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  • A street scene in the city of Caracas, Venezuela, as power starts to return to the country.

    A street scene in the city of Caracas, Venezuela, as power starts to return to the country. | Photo: teleSUR

Published 10 March 2019

After suffering sabatage to its electrical grid leaving the country without power for three days, electricity in Venezuela is being gradually restored. 

After a three-day power outage in Venezuela, the country’s electrical systemas are starting to return, particularly in the capital of Caracas.

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Venezuelans March Against Attack on Electric Grid System in Anti-imperialist Day

A cyber attack perpetrated Thursday on the El Guri hydroelectric plant control system had left the Venezuelan population without electricity since that time.

Photos taken by teleSUR correspondents on the ground in the early morning of Sunday show that important buildings throughout the city are no longer in a blackout, and show electrical service is returning throughout the Venezuelan capital. 

Official data from the Electric Corporation of Venezuela says that power is slowly being reestablished across the country. The state of Miranda where Caracas is located has restored 20 percent of its normal electricity capacity, meanwhile 40 percent of the capital now has power. Anzoategui has 25 percent of its power as of 7:00 am local time while Guarico has 15 percent.

Barinas has gained 10 percent of its power, however, Aragua, Carabobo and Yaracuy in the north have yet to regain any electricity.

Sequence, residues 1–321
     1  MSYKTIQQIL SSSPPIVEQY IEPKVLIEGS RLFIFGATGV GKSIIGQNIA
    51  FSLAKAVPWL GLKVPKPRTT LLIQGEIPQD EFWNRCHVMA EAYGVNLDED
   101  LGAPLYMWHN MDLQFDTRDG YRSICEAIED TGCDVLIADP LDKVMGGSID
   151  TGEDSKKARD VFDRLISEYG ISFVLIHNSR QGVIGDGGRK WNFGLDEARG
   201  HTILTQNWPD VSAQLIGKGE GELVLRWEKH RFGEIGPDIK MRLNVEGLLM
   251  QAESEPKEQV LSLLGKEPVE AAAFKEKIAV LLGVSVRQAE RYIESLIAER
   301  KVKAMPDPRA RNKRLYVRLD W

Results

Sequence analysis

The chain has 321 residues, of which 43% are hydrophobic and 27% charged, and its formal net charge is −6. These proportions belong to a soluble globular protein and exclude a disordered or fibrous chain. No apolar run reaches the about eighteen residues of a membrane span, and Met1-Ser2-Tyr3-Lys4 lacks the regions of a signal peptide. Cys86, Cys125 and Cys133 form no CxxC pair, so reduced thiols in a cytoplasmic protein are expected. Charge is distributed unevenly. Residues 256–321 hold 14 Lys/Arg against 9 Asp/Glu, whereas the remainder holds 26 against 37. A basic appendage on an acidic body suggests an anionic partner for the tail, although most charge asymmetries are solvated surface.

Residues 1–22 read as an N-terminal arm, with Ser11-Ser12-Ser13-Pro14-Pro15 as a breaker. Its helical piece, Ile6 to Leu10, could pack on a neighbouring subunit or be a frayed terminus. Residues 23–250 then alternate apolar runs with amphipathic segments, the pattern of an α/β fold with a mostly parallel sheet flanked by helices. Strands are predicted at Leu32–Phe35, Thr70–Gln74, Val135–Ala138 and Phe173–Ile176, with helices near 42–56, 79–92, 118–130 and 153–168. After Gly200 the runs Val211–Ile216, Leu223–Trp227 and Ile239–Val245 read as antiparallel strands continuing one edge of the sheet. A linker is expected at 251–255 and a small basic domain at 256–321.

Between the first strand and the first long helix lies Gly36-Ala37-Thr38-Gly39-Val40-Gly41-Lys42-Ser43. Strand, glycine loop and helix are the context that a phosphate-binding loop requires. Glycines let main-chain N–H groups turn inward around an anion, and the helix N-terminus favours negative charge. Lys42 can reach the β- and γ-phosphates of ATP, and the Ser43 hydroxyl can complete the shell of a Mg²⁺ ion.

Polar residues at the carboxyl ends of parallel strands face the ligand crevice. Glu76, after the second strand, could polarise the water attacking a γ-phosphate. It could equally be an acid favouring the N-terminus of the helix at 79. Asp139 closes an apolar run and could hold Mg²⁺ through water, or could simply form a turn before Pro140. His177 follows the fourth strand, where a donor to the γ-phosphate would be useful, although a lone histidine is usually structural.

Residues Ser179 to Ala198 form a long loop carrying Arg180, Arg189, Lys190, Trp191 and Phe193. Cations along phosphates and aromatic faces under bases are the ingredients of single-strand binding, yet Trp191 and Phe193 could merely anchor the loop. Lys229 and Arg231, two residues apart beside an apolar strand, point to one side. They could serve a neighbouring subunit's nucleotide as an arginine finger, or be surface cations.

Electrical energy comes back to El Recreo district of Caracas

According to the Venezuelan government, this nation-wide blackout was incited by foreign-backed factions trying to destabilize the government of President Nicolas Maduro. The president stressed that the attack "affected everyone equally without political distinction."

The automated control system of the Simon Bolivar Hydroelectric Plant, which is popularly known as El Guri, was attacked. Inside this high-tech power plant, three of five backup generators were electronically sabotaged, Jorge Rodriguez, vice president of communication, tourism and culture revealed Thursday in a statement.

On Friday, Rodriguez clarified that the circulating reports that 79 people died in hospitals because of the electrical failure were "false."

"They didn’t know we had a generator system set up to prevent from happening everything they are saying has happened,” Rodriguez said to the press. 

Further information to follow as electricity is restored throughout the country. 


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